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In Depth: How Roblox “Real World” Commerce Works

….it doesn’t (yet)
May 3, 2024
Pictured: the ‘real world commerce’ items at launch in Walmart’s Roblox experience, Discovered.

My Hobo Festival Bag has a Digital Twin.

This week, Walmart relaunched their branded Roblox land, Discovered, with a new feature: IRL shopping.

Making good on an announcement from last year’s Roblox Shareholder Conference to launch (you guessed it) a retail media network and in-platform IRL shopping, Walmart’s new launch is equal parts exciting and exasperating. 

I spent five hours in the experience and its associated Discord so that you don’t have to; and here’s what I, ahem, Discovered: this first effort is a clever spotlight program for Roblox community digital content (UGC) creators to curate products with a large retail brand, disguised as a shopping experience that is neither experiential nor a form of shopping.

To cut to the chase, here are the pitfalls as they stand today, three days post-launch of Discovered:

Shopping is not an integrated piece of Roblox. You accept a disclaimer that you’re leaving the Roblox experience to visit a Walmart-owned site.

The products are in a gated area of Discovered and linked to an internal Discovered Walmart mini-website for checkout and fulfillment. You must manually enter a credit card, you cannot use a saved payment method or address. You cannot use Walmart+ or log in with existing Walmart account information.

Pictured: the at-launch ‘real world commerce’ items available in Walmart Discovered, with their digital twins.

The products are modestly priced. A tumbler and a pair of headphones will set you back $15. The purse is $20. All three can be bought with same-day delivery from without the need to shop within Roblox, but you must initiate the purchase from within Roblox to get the virtual merch.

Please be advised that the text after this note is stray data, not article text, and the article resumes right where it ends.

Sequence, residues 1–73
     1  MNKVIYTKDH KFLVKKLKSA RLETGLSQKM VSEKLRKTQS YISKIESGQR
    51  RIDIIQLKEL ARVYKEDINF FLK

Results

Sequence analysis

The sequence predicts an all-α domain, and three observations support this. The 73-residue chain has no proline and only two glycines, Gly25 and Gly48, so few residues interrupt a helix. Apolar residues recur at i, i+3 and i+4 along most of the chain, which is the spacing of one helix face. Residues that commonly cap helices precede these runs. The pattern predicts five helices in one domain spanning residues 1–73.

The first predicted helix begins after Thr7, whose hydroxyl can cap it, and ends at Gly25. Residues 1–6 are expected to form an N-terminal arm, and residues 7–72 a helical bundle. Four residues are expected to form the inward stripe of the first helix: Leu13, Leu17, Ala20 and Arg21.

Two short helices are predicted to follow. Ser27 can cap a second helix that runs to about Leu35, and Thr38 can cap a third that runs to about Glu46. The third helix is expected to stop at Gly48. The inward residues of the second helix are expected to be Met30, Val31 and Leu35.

Based solely on the discussions in the Discord, the purse seems to be the most in-demand item, but due to the lack of integration with the larger site, which shows product velocity (“100+ people have this in their cart”), it’s difficult to know if the desire is generating actual demand.

Comments in the official Walmart Discovered Discord server where confusion (and customer support issues) abound.

Nobody knows what’s happening. The announcement came without warning and many users are experiencing issues. A support ticket I opened has gone more than 11 hours without a response. The most common question is “How do we see the products??” which speaks to an unwritten rule of the shopping integration: the Terms & Conditions state that your account must be over the age of 13 to comply with COPPA. 

Workarounds exist. For instance, changing your age within the platform, verifying your identity, associating payment methods, etc. will not re-verify or qualify an account that was previously flagged as being underage. So, creating a new account is the easiest way to gain access to the experience, but nobody in Discord seems to realize this yet.

The second most cited issue is that the “digital twin” items are not delivered to the account. I suspect this is a laggy or less-than-real-time integration between the microsite eCommerce operated by Walmart and the Roblox service. Again, this underwhelms an audience used to on-demand, instant delivery.

Pictured: the skeuomorphism of Walmart Discovered.

Lastly, I’m surprised at how old-school this feels. From pushing a shopping cart to shopping a website, I expected Discovered to feel more like Roblox and less like… shopping for old people.

For a new Gen Alpha user to adopt a new form of Commerce—especially one that depends on real-world delivery—the user experience designers took zero chances. You add to cart, select product options, and go to checkout just like any other boring old website. 

I’m still convinced that the future of commerce is multiplayer (please buy our book).

But it’s got some bugs to work out before we “level up.” 

— Phillip


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